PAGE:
Schloss made a good decision when he chose to reach into the neighborhood’s past to help define its future, says historian NiNi Harris, who has written nearly a dozen books on St. Louis neighborhoods.
"It’s so important for any community, just as for an entire nation to know our history, and names are one way we can encourage that," she says.
Using the past to shape the future
And history is exactly where Ald. Charles Quincy Troupe is looking in his effort to rebrand part of the First Ward – an area known as Mark Twain that’s bounded roughly by Union Blvd., Interstate 70, the Archer Daniels Midland grain silos and Florissant Ave.
It’s not clear when Mark Twain became a separate neighborhood. In the city’s 1947 comprehensive plan, the area appears to be part of a section called Harney, named for the area’s first developer. Until at least the 1980s, it was part of the Walnut Park neighborhood, but city planners list it as its own separate entity in 1995.
Troupe’s not offended by the Mark Twain name in the way some constituents are. He just doesn’t think it’s relevant.
"We needed something that we could recognize that was a part of our experience. And in that, we had these two black women, Evelyn Walker and JoAnne Wayne," he says.
Mark Twain is doing better than other areas of north city. But you can tell that this enclave has seen better days, as demonstrated by vacant industrial buildings searching for a reuse and the locked doors at the William B. Ittner-designed Mark Twain School, closed due to falling enrollment.
Troupe wants residents to know that it wasn’t always like this. Walker and Wayne, who are now both dead, were leading community activists who got residents to care about where they lived, and could use their clout as Democratic powerbrokers to get services the area needed.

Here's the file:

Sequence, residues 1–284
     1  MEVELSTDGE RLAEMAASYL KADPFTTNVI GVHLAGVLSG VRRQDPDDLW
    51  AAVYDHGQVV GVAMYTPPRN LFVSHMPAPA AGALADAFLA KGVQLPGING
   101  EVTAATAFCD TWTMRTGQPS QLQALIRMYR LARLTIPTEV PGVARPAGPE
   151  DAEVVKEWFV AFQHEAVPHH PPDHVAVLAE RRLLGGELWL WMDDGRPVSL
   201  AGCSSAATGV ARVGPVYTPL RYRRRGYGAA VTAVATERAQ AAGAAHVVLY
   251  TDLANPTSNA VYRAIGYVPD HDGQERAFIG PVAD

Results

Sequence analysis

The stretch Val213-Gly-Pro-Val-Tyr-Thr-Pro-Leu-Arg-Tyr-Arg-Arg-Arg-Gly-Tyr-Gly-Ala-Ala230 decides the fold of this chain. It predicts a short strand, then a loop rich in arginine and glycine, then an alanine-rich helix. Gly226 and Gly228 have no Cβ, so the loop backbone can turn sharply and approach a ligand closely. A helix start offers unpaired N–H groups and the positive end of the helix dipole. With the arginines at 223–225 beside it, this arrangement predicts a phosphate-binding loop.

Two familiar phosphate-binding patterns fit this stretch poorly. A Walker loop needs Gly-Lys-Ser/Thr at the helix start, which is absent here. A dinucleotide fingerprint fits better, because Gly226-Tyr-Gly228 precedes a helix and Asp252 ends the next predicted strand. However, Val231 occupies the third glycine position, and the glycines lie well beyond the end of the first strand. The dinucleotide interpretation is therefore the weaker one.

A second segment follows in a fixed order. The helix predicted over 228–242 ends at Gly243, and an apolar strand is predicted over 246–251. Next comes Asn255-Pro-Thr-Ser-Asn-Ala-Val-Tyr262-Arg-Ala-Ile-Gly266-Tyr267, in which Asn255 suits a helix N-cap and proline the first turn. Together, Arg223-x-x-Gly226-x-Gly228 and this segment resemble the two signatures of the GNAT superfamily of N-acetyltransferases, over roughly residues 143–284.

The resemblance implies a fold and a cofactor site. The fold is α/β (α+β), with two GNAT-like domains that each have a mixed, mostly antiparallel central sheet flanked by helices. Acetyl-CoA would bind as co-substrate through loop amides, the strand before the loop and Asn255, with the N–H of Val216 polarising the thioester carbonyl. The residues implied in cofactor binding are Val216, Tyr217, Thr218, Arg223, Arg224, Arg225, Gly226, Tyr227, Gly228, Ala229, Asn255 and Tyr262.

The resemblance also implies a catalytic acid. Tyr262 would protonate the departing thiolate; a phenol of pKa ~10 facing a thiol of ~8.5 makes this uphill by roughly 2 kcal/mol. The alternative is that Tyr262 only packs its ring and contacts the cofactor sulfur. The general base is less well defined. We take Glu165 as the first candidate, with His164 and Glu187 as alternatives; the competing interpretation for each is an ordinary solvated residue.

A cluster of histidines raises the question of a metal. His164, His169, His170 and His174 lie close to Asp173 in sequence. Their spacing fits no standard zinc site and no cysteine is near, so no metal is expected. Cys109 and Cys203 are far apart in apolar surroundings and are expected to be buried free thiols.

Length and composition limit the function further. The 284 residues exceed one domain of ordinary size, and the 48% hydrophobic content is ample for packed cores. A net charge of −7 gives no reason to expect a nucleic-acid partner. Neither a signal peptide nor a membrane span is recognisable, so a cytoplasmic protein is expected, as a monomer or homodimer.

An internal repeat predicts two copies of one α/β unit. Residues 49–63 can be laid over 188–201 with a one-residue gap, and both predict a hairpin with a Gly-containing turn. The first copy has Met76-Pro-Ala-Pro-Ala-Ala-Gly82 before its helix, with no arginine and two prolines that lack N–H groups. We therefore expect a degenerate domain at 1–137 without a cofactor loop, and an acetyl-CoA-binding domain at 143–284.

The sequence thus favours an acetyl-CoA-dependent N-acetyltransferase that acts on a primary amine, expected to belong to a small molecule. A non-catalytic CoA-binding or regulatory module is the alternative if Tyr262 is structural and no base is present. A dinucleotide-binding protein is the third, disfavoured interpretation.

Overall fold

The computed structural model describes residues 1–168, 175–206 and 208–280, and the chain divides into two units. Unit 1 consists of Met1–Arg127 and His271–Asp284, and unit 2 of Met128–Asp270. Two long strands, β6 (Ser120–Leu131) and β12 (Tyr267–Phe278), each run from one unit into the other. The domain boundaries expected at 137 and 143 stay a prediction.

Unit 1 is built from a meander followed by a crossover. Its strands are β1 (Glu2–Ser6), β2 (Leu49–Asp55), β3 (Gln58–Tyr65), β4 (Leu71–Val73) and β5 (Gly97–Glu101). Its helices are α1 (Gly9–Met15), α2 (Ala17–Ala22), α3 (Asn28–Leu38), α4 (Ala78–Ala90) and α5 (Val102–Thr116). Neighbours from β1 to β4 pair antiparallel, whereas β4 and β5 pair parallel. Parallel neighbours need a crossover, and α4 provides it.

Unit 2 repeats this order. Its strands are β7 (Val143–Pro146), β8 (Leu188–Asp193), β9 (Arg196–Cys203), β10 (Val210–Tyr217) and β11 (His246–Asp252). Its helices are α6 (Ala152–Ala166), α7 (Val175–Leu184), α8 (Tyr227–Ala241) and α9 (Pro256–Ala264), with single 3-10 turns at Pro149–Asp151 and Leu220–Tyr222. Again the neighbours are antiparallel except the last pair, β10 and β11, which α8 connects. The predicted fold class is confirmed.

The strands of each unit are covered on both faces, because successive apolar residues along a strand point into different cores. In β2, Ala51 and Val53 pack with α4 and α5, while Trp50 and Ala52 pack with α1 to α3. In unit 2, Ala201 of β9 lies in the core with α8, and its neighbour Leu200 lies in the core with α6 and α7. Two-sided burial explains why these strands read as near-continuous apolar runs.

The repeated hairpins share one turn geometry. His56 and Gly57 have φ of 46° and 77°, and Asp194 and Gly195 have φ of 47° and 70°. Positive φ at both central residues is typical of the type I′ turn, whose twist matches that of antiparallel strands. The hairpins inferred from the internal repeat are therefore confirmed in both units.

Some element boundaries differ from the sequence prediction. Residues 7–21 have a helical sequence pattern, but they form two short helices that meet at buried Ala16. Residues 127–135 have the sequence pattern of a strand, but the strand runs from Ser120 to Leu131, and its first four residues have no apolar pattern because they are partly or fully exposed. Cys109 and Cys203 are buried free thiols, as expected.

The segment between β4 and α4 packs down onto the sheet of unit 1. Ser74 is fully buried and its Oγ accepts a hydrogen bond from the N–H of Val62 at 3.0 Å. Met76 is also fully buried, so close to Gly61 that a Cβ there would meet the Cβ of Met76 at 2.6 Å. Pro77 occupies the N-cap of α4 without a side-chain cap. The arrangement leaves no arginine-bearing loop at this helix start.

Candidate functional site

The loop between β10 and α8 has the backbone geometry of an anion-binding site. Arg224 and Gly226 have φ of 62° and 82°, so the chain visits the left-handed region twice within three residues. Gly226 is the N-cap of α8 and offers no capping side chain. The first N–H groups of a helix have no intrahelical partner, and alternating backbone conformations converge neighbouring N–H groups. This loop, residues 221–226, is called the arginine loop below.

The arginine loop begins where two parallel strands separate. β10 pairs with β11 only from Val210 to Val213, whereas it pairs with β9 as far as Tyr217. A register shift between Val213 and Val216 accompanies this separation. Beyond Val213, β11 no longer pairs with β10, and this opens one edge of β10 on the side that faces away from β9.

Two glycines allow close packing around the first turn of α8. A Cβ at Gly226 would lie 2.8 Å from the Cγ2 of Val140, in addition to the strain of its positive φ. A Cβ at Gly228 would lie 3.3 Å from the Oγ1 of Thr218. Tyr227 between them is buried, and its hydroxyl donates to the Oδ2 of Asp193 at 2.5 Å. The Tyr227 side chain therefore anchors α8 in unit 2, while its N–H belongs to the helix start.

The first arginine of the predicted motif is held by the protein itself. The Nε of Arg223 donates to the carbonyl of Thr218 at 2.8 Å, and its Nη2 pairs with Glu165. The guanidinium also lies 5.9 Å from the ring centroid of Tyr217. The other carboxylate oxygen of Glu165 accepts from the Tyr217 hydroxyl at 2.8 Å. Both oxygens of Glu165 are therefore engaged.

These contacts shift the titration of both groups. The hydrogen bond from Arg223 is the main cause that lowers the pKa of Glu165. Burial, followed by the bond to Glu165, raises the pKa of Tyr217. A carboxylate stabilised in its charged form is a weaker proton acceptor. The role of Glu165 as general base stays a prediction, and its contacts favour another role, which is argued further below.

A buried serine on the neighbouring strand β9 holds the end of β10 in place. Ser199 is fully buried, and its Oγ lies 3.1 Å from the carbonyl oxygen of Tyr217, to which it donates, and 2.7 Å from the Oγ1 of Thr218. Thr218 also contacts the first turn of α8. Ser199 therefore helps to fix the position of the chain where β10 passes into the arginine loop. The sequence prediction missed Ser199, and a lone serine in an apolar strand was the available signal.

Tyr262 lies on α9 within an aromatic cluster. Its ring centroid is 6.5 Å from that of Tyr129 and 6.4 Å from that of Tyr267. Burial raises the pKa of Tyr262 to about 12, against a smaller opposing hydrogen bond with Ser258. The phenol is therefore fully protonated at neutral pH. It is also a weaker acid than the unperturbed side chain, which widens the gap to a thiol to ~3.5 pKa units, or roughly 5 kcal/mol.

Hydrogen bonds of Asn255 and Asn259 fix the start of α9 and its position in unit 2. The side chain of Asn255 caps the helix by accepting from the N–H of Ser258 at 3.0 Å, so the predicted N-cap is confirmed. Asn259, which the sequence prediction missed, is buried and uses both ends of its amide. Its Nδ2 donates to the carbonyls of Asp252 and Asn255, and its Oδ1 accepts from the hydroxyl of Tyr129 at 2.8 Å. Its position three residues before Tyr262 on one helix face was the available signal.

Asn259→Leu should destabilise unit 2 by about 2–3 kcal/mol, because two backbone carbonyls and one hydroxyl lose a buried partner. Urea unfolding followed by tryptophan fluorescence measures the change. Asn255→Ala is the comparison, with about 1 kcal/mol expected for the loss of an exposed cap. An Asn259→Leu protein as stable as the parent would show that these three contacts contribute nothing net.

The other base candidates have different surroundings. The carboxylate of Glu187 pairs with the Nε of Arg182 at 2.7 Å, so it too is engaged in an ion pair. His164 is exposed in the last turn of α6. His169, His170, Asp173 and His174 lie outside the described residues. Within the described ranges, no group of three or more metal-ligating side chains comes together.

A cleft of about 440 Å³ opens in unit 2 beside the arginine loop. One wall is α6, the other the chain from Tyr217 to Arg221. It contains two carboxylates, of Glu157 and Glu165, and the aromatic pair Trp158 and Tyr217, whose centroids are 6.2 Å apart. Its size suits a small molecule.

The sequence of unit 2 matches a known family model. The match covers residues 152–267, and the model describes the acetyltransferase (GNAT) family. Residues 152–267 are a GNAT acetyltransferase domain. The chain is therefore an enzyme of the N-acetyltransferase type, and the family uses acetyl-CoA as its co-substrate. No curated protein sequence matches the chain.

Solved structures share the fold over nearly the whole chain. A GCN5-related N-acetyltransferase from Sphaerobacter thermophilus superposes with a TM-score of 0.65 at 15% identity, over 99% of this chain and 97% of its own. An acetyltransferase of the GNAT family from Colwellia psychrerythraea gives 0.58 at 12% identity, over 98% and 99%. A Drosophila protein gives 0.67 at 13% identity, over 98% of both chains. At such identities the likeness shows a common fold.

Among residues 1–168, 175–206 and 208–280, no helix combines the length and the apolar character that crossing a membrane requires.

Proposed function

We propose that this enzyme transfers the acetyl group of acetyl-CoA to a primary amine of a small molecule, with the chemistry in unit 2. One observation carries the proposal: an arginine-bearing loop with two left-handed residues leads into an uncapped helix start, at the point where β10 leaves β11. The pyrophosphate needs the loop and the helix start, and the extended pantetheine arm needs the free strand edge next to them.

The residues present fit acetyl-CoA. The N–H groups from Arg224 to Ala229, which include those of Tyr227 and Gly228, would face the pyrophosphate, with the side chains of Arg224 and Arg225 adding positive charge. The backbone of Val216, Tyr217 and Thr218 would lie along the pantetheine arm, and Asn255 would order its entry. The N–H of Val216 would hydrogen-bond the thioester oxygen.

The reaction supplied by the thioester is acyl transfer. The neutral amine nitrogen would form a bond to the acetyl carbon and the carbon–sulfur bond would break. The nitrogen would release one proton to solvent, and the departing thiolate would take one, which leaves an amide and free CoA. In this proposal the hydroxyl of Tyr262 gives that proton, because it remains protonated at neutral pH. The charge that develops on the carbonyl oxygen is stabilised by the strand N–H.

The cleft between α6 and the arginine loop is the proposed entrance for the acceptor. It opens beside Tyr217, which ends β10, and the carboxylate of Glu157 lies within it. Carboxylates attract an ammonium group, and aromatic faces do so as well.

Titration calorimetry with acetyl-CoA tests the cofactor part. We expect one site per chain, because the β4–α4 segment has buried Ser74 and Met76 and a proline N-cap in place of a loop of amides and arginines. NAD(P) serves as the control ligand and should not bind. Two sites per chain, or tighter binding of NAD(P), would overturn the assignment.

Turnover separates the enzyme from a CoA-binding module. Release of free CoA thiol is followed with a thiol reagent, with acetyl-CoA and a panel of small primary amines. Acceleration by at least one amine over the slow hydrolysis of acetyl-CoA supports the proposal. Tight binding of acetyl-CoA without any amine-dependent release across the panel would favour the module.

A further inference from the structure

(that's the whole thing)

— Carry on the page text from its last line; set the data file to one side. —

Troupe says changing Mark Twain to Wayne-Walker gives his constituents a reason to own the area again.
"When you hit Kingshighway and Southwest and Vandeventer, and you look up on the bank, and you see the Hill, that means something," he says. "It gives them pride, it gives them dignity, it gives them ownership. That is the same thing I’m trying to do for north St. Louis."
NiNi Harris doubts the top-down approach Troupe wants to take will be effective.
"Name changes are often the result of a grass roots organization doing something as basic as saying, we’re going to clean up this park every Saturday, or we’re going to have regular neighborhood clean-ups," she says.
Herschel Parks was a friend of both JoAnne Wayne and Evelyn Walker, and says a name change would be a good way to remember the women, whom he calls "anchors" of the area. But the 92-year-old, who lives in a tidy brick duplex on Queens Ave., just down the block from the school, doesn’t think the neighborhood has the spirit to make a name change stick.
"I’ve been here 44 years, and I’ve noticed that besides one other person, I’m the only one that goes out in the alleys, sweeps the alley up, pulls weeds, or try to keep things going," Parks says.
And because neighborhood names aren’t set by law, Troupe’s legislation is, for all intents and purposes, moot. The alderman remains undaunted. He says he’ll keep trying to change the name, but considers starting a conversation a victory, too.